try to please… | he said

word art by Sarah Smith of PHOTOBIN PHOTOGRAPHY
cute donkey silhouette photo from:

Are you familiar with the story of the old man, the boy and the donkey? There is a VERY important lesson to be learned from it.

If you haven’t heard it before, here it is: A Man and his son were once going with their Donkey to market. As they were walking along by its side a countryman passed them and said: “You fools, what is a Donkey for but to ride upon?”So the Man put the Boy on the Donkey and they went on their way. But soon they passed a group of men, one of whom said: “See that lazy youngster, he lets his father walk while he rides.”

So the Man ordered his Boy to get off, and got on himself. But they hadn’t gone far when they passed two women, one of whom said to the other: “Shame on that lazy lout to let his poor little son trudge along.”

Well, the Man didn’t know what to do, but at last he took his Boy up before him on the Donkey. By this time they had come to the town, and the passers-by began to jeer and point at them. The Man stopped and asked what they were scoffing at. The men said: “Aren’t you ashamed of yourself for overloading that poor donkey of yours and your hulking son?”

The Man and Boy got off and tried to think what to do. They thought and they thought, till at last they cut down a pole, tied the donkey’s feet to it, and raised the pole and the donkey to their shoulders. They went along amid the laughter of all who met them till they came to Market Bridge, when the Donkey, getting one of his feet loose, kicked out and caused the Boy to drop his end of the pole. In the struggle the Donkey fell over the bridge, and his fore-feet being tied together he was drowned.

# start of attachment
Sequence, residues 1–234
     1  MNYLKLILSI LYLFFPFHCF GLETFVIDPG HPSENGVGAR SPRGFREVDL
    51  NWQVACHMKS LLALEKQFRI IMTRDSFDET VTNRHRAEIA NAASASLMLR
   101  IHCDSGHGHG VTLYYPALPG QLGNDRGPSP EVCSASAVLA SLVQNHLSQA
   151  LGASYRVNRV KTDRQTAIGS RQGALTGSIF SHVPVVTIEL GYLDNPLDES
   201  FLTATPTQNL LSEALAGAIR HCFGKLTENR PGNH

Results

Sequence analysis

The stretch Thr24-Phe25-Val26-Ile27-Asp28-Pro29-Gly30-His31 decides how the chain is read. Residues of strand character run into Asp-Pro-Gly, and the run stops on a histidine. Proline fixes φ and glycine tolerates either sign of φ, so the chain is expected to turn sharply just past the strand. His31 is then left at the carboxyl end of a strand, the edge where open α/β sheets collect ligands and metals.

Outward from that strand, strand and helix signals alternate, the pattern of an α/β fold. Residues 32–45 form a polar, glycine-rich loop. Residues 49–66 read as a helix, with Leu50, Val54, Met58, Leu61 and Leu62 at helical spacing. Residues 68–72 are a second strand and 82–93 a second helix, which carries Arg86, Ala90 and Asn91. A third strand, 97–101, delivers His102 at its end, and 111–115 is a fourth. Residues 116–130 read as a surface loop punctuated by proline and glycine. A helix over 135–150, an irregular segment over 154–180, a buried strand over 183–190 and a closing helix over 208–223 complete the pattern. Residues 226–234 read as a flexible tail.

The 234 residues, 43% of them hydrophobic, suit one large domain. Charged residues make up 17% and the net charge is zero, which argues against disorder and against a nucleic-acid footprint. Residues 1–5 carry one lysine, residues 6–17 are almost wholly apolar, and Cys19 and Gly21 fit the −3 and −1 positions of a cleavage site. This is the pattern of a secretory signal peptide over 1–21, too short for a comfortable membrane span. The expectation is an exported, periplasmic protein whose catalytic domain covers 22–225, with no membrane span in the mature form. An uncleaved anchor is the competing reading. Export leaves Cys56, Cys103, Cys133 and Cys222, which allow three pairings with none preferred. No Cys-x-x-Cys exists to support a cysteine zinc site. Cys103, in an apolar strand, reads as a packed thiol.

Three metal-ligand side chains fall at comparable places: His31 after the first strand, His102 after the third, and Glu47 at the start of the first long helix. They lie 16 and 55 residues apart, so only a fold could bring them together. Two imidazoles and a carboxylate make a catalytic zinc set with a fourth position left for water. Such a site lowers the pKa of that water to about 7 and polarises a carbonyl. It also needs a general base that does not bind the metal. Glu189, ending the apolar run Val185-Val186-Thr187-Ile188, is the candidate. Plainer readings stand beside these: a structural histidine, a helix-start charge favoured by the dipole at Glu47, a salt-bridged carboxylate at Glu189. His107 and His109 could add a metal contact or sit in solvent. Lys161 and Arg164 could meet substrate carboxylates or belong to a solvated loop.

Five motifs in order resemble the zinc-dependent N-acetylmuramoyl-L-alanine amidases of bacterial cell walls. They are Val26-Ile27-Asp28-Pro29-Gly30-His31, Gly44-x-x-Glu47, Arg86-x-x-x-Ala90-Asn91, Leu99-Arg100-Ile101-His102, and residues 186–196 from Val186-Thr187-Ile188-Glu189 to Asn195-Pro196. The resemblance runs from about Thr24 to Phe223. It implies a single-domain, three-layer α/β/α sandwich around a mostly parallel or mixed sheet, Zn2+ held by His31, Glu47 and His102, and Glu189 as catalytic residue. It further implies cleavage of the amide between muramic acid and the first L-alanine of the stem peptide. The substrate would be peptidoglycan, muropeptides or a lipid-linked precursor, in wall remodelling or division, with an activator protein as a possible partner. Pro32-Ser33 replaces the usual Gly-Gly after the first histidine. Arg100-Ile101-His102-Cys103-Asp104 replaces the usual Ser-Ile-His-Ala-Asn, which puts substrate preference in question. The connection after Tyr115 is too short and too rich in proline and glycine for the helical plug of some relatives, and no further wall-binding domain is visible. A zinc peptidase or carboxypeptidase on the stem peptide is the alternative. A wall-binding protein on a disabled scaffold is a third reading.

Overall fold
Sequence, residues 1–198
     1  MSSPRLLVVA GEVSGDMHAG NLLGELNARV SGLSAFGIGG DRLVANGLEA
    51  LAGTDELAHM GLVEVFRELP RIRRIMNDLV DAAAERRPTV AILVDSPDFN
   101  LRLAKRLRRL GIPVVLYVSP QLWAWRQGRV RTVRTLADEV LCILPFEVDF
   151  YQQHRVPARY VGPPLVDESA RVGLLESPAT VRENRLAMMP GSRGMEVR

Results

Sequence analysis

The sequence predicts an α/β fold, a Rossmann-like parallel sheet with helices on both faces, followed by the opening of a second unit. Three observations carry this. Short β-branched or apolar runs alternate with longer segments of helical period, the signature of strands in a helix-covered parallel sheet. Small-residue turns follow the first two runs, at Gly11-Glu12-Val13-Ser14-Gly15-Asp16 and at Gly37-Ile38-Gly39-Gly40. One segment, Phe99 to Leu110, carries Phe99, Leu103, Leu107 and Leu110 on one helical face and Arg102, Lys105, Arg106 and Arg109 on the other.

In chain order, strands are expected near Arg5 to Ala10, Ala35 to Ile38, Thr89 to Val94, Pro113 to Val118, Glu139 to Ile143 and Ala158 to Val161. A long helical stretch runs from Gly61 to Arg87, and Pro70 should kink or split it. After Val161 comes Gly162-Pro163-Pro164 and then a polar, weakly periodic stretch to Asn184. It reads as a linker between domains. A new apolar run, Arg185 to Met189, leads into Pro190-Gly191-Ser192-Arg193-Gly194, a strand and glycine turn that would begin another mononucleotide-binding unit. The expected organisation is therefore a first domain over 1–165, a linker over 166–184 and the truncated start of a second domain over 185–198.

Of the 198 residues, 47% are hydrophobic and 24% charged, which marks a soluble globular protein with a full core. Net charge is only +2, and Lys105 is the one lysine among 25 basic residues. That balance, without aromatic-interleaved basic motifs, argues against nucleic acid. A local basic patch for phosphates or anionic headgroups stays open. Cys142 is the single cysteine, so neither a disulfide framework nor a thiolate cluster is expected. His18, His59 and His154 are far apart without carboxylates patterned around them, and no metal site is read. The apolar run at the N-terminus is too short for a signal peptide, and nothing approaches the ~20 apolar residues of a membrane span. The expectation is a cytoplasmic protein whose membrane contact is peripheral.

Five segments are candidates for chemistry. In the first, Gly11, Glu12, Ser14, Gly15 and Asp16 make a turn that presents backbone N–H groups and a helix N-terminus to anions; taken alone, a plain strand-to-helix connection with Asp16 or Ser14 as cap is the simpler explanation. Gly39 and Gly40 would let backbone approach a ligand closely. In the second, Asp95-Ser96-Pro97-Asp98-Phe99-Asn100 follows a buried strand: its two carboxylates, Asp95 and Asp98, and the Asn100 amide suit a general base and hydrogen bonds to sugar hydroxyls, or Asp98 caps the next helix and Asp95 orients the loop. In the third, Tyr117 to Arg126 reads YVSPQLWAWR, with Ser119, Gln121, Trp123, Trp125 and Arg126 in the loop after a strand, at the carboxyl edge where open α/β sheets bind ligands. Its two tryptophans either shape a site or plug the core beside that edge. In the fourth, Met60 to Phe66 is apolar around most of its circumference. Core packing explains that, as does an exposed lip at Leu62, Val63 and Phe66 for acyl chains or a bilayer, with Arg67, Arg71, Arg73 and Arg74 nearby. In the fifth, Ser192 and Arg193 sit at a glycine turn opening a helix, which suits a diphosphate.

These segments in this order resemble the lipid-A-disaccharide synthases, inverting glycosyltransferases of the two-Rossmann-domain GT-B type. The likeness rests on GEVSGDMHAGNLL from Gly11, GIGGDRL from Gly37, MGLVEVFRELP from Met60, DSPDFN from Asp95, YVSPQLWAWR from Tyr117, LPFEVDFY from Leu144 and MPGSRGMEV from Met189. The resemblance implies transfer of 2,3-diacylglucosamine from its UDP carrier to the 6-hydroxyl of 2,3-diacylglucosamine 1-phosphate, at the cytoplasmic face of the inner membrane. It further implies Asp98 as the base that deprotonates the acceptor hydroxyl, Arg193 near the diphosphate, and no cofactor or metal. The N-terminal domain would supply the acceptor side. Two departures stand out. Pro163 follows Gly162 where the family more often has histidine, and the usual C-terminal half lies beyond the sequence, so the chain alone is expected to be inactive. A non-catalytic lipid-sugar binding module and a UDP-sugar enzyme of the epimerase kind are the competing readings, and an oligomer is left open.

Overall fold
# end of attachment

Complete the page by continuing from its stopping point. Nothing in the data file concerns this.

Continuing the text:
“That will teach you,” said an old man who had followed them.

“Try to please all, and you will please none.”

I like the alternative way of declaring the lesson: try to please everyone and you can kiss your ass goodbye.

To me: it’s not about just pleasing ourselves all the time, or just pleasing our spouse all the time (although they aren’t wrong when they say “Happy wife. Happy life” or “Happy mama, happy home”), it’s about considering the wants of all, but not trying to please everyone.

I find that when I want to please everyone, one of 2 things happens.

  1. It’s a mishmash that just doesn’t work for anyone
  2. I freeze in indecision of how to make it all work and nothing happens

Well, that’s something I’ve been working on and know I will continue to for a long time.


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